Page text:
For Pat Irwin, music has always been about exploring the unconventional.
“When you’re a kid, all you wanna do is make a record,” he told me over the phone recently. “You wanna be in a band.”
And be in a band he was. Brooklyn College graduate students might know him as their music composition professor at the Feirstein Graduate School for Cinema, but before that, Irwin spent nearly 20 years touring with The B-52’s, the iconic new wave group with hits like “Love Shack” and “Roam.”
“They just defied all odds, yet they are one of the most soulful authentic bands I’ve ever heard,” he said of The B-52’s.
Irwin, it seems, has always been drawn to those who defy the odds. After graduating from college, he spent time in Paris studying under the legendary avant-garde composer, John Cage, an experience he called a “life changer.” Though it instilled a conviction in him, it was the music scene in New York that called his name.
“The coolest stuff was being done in New York as far as I was concerned,” he said. “There was a lot of crossover… painters made movies, and moviemakers formed bands.” He moved to New York around 1979. His ultimate goal? To play the stages of CBGB’s and Max’s Kansas City.
“I didn’t even think further past that, which I think was helpful.”
At the time, another avant-garde artist was pushing the boundaries of what music could sound like. Brian Eno’s compilation album “No New York” featured The Contortions, a band that was bringing to light an experimental genre of music that would become known as “no wave.”
“It broke down all that was left of a conventional rock ‘n’ roll sound,” Irwin said of the genre. He was also paying attention to bands like Teenage Jesus and the Jerks, DNA, The Talking Heads, Lounge Lizards, and Mars. “They [the bands] had nothing to do with commercial appeal. It was brutal, and awesome. I was ready for that. That’s what I wanted to be a part of.”
Through the ‘80s, Irwin played in a handful of no wave bands of his own, including 8-Eyed Spy and The Raybeats, which played regular gigs at some of the city’s most popular music clubs like Tier Three, the Mudd Club, and Danceteria. Though the city was large and the music scene was even larger, Irwin began to rub shoulders with the band that would become a major part of his life for almost two decades.
“We were part of the same scene…Kate [Pierson] and another mutual friend came to see The Raybeats at the Mudd club,” he said. “I ran into Ricky [Wilson] at the Peppermint Lounge and then I ran into Ricky again at a Mexican restaurant down in Tribeca, the only one south of 14th Street.”
Wilson would sadly die from complications of AIDS in 1985, but a few years later, thanks to a mutual sound man, Irwin wound up a touring member of The B-52s in 1989.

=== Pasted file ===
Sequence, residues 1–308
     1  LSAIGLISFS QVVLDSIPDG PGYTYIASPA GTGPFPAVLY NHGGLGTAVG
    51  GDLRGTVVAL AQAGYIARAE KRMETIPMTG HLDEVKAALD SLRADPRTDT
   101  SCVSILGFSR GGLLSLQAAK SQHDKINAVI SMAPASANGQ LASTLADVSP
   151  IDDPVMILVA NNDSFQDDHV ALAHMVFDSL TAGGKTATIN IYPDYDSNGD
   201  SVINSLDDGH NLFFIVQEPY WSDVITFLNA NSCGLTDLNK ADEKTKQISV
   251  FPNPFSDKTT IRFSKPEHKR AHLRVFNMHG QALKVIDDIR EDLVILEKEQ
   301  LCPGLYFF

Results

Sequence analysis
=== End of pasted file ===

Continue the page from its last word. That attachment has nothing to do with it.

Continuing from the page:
“We didn’t audition or anything,” he said, “we just started to play.” The rest, as they say, was history. Irwin joined the band the same year that their hit single “Love Shack” was released.
“I think it’s an incredible song,” he said. “I mean, can you imagine? Writing a song that brings that much joy to so many people around the world to this day?”
With The B-52’s, Irwin played with countless A-list acts like the Pretenders, the Allman Brothers, Blondie, ZZ Top, and the Go-Go’s. Yet, he always kept his options open, and when a producer from Turner Broadcasting asked if he might like to write music for an upcoming documentary, he naturally gave it a shot.
“It kinda just unfolded,” he said of his composition work, “but it was something I really wanted to do, no question.”
His resume of work for film and television includes shows like “Nurse Jackie,” “Feed The Beast,” “Rocko’s Modern Life,” and, yes, “Spongebob Squarepants.” He recalls initially not quite grasping the show in the early days, when Stephen Hillenburg, the creator of the show, called him up saying he wanted “the sound of a bunch of musicians in a room who can’t really play.” But after taking to the drawing board, Irwin came up with several episodes worth of music that can be heard on Spongebob today.
Now, he teaches music composition for film and television at Brooklyn College’s Feirstein Graduate School of Cinema, where he says the students are diverse and imaginative. He plays regular live music with a handful of local people, and has plans to work on a new album featuring instruments he finds himself, including an organ he came across on the LIRR tracks and a synthesizer he picked up from the street curb.
And though he stopped performing with The B-52’s in 2008, Irwin looks back on those days with admiration.
“They had everything I wanted in a band,” he said, “they were just so cool.”
For Irwin, the whole funky shack is still shimmying.